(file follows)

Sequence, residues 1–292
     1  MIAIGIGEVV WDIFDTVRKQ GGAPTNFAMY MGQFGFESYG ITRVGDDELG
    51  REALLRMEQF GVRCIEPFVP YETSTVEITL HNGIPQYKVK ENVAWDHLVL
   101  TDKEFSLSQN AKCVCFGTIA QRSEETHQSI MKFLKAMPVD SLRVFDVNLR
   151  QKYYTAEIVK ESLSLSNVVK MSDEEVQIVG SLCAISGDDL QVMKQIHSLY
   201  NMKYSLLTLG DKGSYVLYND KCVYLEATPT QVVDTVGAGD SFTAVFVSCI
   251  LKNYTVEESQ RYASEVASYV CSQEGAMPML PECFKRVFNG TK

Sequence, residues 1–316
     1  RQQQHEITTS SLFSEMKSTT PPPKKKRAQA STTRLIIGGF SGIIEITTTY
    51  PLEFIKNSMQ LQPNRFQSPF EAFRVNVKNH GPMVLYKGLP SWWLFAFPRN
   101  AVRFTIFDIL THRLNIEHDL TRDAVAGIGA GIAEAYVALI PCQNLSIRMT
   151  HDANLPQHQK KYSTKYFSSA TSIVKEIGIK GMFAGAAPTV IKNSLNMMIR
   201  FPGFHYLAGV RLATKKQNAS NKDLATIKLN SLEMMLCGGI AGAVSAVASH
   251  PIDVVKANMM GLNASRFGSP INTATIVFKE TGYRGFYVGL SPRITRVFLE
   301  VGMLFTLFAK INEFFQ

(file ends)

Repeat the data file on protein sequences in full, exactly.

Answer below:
Sequence, residues 1–292
     1  MIAIGIGEVV WDIFDTVRKQ GGAPTNFAMY MGQFGFESYG ITRVGDDELG
    51  REALLRMEQF GVRCIEPFVP YETSTVEITL HNGIPQYKVK ENVAWDHLVL
   101  TDKEFSLSQN AKCVCFGTIA QRSEETHQSI MKFLKAMPVD SLRVFDVNLR
   151  QKYYTAEIVK ESLSLSNVVK MSDEEVQIVG SLCAISGDDL QVMKQIHSLY
   201  NMKYSLLTLG DKGSYVLYND KCVYLEATPT QVVDTVGAGD SFTAVFVSCI
   251  LKNYTVEESQ RYASEVASYV CSQEGAMPML PECFKRVFNG TK

Sequence, residues 1–316
     1  RQQQHEITTS SLFSEMKSTT PPPKKKRAQA STTRLIIGGF SGIIEITTTY
    51  PLEFIKNSMQ LQPNRFQSPF EAFRVNVKNH GPMVLYKGLP SWWLFAFPRN
   101  AVRFTIFDIL THRLNIEHDL TRDAVAGIGA GIAEAYVALI PCQNLSIRMT
   151  HDANLPQHQK KYSTKYFSSA TSIVKEIGIK GMFAGAAPTV IKNSLNMMIR
   201  FPGFHYLAGV RLATKKQNAS NKDLATIKLN SLEMMLCGGI AGAVSAVASH
   251  PIDVVKANMM GLNASRFGSP INTATIVFKE TGYRGFYVGL SPRITRVFLE
   301  VGMLFTLFAK INEFFQ